Link Roundup #5

$99 Tablets and the Fine Line Between Useful and Useless. Tablets this cheap are bound to be used in the education market. This article provides a good summary of the pros and cons.

Dell Aims New Affordable Windows 8 Tablet at Schools, Hospitals, and Small Businesses.  Not sure I find $499 that affordable, but it is better by far than the prices for other Windows tablets.

OLPC Vows to Bring New Education Tablet to Retail Stores Later This Year. OLPC stands for One Laptop Per Child.

Surface Pro: Even Microsoft’s Own Tablet Can’t Solve Windows 8 Intrinsic Flaws. Detailed review of the Pro tablet, and a reasonably objective one. Another noteworthy review is from David Pogue in the New York Times.

40 Best Windows Phone Apps of 2012. Straight list, 1-40, not categorized, sadly.

Firefox 19 Betas: Built-in PDF viewing, Broader Android Reach. Article mentions Safari and Chrome already have built-in PDF viewers, so all three browsers can bypass the Adobe Reader.

Asus Looks to Tap Emerging Markets with $149 Jelly Bean Tablet. Jelly Bean is the latest version of the Android operating system. This looks like it will be another competitor in the education market.

5 Tactics for Managing the Overwhelm. Useful, though not particularly new ideas, and won’t work for all jobs. The author does mention a couple of useful sources, including the book The Power of Habit, and the blog by the gentleman who runs the Persuasive Technology lab at Stanford.

Free Version of Foxit Mobile PDF Reader Now Available for Android. Brief review that does a good job of covering the features offered. The reader is also available for iOS, and for both platforms a free version and a paid version are available. Other sources agree this is one of the best PDF readers.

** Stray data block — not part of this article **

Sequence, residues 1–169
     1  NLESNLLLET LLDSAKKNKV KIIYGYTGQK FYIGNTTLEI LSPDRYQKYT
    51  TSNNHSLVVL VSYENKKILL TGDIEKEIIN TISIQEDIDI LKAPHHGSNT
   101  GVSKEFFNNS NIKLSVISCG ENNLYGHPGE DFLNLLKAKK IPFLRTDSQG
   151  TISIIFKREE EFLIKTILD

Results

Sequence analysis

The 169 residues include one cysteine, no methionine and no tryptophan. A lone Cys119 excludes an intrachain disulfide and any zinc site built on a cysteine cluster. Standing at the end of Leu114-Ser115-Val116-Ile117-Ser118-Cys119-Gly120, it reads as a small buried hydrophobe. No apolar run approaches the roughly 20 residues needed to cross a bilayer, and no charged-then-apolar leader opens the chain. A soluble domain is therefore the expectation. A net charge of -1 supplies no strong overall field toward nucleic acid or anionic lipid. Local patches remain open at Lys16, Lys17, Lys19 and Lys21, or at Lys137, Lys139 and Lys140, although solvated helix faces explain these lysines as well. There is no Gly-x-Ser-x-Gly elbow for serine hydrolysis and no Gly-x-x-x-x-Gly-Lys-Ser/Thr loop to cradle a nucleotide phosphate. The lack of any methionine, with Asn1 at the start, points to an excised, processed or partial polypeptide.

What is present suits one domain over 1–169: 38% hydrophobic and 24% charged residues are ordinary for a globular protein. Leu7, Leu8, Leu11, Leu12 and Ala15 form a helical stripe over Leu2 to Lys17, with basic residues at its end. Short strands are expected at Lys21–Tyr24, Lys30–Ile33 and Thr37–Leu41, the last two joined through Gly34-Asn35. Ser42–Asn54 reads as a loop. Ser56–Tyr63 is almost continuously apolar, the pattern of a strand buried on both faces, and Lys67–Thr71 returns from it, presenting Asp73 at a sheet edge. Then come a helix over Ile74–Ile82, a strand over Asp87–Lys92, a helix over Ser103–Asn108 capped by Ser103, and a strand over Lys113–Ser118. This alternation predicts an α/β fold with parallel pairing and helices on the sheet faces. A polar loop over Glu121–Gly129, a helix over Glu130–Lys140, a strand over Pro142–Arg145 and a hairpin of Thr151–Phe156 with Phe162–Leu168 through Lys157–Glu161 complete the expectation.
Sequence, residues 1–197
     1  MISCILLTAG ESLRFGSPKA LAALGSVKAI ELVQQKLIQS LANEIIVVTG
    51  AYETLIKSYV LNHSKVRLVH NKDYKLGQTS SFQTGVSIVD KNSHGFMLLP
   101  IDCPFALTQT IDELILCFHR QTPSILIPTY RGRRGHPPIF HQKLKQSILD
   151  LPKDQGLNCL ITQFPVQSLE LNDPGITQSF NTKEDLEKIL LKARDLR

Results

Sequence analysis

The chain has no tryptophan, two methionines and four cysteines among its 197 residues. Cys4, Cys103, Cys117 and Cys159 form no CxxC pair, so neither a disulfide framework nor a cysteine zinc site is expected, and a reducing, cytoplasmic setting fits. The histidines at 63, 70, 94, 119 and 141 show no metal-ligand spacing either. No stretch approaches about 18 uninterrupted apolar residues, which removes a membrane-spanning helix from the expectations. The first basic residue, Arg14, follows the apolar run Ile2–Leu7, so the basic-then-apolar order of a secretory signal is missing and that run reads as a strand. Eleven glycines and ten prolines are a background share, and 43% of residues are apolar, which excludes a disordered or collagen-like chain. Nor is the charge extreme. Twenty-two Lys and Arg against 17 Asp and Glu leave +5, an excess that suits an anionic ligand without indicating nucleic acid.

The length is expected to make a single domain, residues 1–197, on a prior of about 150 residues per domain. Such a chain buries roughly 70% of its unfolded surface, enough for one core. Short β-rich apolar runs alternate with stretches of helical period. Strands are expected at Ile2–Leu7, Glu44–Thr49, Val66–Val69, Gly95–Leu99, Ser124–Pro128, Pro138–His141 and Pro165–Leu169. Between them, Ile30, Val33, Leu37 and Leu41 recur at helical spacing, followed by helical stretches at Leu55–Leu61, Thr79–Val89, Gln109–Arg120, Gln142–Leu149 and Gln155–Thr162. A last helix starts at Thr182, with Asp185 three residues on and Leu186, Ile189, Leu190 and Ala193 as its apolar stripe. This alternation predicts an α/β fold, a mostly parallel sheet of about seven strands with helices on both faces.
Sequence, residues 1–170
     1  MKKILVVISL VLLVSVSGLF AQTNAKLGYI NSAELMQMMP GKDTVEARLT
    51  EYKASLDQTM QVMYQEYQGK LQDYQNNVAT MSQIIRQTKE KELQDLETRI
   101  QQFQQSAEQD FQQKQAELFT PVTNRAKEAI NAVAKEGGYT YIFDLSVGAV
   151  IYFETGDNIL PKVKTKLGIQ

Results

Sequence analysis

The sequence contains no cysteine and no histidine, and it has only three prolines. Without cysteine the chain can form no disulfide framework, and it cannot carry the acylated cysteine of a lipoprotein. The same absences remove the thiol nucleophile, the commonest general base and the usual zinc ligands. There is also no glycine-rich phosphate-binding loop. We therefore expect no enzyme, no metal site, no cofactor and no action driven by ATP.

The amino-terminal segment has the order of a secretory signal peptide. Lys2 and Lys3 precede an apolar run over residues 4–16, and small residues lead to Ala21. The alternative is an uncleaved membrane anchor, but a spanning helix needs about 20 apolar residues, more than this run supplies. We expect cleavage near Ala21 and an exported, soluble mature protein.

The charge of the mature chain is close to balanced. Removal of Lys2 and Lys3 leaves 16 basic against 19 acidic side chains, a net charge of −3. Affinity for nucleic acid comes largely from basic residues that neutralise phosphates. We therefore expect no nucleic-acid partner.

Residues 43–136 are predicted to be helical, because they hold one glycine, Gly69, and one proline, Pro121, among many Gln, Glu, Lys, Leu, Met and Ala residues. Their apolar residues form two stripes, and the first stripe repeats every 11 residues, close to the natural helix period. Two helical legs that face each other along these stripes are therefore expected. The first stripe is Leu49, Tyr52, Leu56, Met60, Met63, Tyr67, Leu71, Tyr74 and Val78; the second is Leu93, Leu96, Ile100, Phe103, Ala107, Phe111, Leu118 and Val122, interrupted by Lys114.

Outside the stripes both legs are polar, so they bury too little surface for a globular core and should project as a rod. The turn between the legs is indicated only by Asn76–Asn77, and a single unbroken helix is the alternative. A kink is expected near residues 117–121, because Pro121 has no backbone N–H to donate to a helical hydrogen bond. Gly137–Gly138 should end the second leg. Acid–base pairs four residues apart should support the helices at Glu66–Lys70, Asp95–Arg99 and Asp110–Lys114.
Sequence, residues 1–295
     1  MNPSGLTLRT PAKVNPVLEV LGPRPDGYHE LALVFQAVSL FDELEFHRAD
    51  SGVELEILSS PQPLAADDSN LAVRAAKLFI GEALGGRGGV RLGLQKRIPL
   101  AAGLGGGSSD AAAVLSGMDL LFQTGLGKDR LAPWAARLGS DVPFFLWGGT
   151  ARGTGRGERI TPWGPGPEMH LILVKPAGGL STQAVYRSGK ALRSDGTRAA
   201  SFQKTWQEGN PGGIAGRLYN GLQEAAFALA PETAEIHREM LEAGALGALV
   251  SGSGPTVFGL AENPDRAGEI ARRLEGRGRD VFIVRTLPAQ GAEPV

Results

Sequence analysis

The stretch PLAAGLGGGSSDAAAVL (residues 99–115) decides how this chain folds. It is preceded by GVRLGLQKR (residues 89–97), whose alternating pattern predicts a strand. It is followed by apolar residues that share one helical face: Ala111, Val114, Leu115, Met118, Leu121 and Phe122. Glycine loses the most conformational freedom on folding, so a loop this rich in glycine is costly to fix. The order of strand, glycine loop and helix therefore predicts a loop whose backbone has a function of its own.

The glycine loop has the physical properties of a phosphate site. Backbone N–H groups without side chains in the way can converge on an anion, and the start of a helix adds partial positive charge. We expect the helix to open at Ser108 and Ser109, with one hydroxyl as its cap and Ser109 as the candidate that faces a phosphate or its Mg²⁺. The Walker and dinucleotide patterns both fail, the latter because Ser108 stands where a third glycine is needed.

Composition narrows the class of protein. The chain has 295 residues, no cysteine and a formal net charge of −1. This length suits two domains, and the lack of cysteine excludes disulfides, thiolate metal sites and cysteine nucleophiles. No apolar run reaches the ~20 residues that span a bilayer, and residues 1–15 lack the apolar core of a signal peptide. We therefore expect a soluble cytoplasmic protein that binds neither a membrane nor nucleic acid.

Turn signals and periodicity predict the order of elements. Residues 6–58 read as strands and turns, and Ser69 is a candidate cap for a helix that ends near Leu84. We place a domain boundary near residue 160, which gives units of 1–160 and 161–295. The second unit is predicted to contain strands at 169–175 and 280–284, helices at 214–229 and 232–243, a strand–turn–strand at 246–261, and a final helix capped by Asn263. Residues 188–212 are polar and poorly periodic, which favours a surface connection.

Apple Could Be Working on 128G iPad for Government and Education Uses. Will be expensive, of course, but could be a good option for students and faculty.

Here’s the beginnings of a great idea – a group has formed called AQuA, the App Quality Alliance. They have begun a Quality App Directory, described as “a directory of mobile apps that have met a certain quality level: a quality level specified by the AQuA members: AT&T, LG, Motorola, Nokia, Oracle, Orange, Samsung and Sony Mobile.” You can search by app title, suitable device, or developer. Would like to see them devise categories for apps, but I guess that’s the librarian in me.

EndNote now has an iPad app.

We here at PKM are big fans of the Gradhacker and Profhacker blogs. We submit for your consideration this post, Turn Your Phone into a Scanner.

Quality ranking of apps seems to be the new buzzword, and about time. See New Analytics Service Applause Ranks App Quality. Talks about the Applause service and the criteria it uses for judging app quality.

Thomson Reuters has introduced a mobile app for Web of Science, so far iPhone only.

Print Friendly, PDF & Email